Signs That Driving Habits Should Change

On average, men outlive their driving careers by 7 years, and women by 10 years, which means that for many of us, there will be a time when we will no longer be able to get behind the wheel.

CAA has compiled a list of warning signs that changes in driving habits are warranted (many of which are self-evident), as well as information on a doctor’s role in managing this transition. It’s very important – for everyone on the road – that we are realistic about our ability to drive safely, and make changes to our driving habits before we cause harm to ourselves or others.

Senior person driving a vehicle

Signs that driving skills are declining

Normal aging does affect driving, but there isn’t a set age when a person is no longer safe behind the wheel. In fact, most people can safely drive well into their retirement years. Here are some things to look for that may be clues that driving habits need to change.

If you or your loved one exhibits one or more of these warning signs, consider taking a comprehensive driving evaluation and be sure to talk to a doctor, to help identify and address any weaknesses. These warnings don’t necessarily mean that it’s necessary to stop driving, but it is likely important to at least adjust driving habits. Know your limits – and drive within them.

Does the driver weave between or straddle lanes?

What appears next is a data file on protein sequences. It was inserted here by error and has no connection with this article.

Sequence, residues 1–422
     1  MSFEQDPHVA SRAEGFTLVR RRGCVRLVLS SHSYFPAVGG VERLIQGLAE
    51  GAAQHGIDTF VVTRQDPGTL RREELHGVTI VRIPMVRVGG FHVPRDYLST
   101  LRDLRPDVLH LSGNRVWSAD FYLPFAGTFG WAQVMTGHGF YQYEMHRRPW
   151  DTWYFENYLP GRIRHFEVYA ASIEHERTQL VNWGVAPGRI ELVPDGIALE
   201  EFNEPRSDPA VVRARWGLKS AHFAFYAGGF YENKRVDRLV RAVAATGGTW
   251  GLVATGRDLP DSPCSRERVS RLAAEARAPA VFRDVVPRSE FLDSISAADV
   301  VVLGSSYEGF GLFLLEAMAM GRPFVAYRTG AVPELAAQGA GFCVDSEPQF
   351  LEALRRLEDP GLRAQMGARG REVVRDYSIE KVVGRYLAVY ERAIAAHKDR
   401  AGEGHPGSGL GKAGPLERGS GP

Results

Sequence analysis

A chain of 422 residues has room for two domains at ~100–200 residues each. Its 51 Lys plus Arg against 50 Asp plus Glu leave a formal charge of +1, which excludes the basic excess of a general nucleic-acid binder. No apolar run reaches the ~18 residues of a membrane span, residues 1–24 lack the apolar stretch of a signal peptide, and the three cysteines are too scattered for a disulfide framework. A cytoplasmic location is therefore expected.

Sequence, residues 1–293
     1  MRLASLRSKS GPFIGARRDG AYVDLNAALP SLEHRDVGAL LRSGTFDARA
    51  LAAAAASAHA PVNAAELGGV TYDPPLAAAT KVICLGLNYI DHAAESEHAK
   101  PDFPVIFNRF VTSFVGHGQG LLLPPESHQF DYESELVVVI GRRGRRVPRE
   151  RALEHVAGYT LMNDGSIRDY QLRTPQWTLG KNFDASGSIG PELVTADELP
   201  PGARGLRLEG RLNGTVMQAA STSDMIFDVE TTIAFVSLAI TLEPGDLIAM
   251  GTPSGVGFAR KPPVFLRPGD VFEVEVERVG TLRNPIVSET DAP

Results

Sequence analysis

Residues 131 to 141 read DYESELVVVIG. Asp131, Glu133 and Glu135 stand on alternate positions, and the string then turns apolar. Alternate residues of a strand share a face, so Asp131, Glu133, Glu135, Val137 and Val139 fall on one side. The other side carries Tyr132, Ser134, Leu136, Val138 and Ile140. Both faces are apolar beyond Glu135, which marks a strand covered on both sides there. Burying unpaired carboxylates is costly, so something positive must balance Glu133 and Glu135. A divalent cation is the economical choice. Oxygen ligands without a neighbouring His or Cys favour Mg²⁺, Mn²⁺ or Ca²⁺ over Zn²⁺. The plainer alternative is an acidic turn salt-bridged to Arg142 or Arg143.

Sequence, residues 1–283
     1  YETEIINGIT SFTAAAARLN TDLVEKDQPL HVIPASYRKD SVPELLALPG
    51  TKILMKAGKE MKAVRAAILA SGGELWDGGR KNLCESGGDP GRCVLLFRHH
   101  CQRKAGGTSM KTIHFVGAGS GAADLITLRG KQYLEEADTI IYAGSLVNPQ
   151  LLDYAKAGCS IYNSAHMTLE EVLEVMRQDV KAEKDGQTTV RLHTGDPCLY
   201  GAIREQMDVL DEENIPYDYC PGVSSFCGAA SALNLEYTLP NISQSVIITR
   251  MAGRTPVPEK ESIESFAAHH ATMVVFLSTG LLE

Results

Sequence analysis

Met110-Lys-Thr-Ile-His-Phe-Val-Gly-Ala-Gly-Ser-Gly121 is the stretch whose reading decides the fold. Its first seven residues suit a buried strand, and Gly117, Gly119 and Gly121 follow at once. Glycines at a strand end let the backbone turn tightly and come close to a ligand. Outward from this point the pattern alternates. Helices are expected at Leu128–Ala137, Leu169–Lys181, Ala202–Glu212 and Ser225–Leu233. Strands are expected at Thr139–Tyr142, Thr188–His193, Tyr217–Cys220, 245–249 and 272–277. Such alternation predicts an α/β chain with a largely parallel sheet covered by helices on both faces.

Signalling incorrectly or not at all when changing lanes can be particularly dangerous, especially if the driver fails to check mirrors or blind spots.

Do other drivers honk or pass frequently, even when the traffic stream is moving relatively slowly?

This may indicate difficulty keeping pace with fast-changing conditions.

Does the driver get lost or disoriented easily, even in familiar places?

This could indicate problems with working memory or early cognitive decline.

Has the driver been issued two or more traffic tickets or warnings in the past two years?

Tickets can predict a greater risk for collision.

Has the driver been involved in two or more collisions or “near-misses” in the past two years?

Rear-end crashes, parking lot fender-benders and side collisions while turning across traffic rank as the most common mishaps for drivers with diminishing skills, depth perception or reaction time.

Does the driver have difficulty working the brake and gas pedals?

Drivers who lift their legs to move from the accelerator to the brake, rather than keeping a heel on the floor and pressing with the toes, may have waning leg strength.

Does the driver sometimes miss stop signs and other traffic signals?

Perhaps the driver is inattentive or cannot spot the signs in a crowded, constantly moving visual field.

Your Doctor’s Role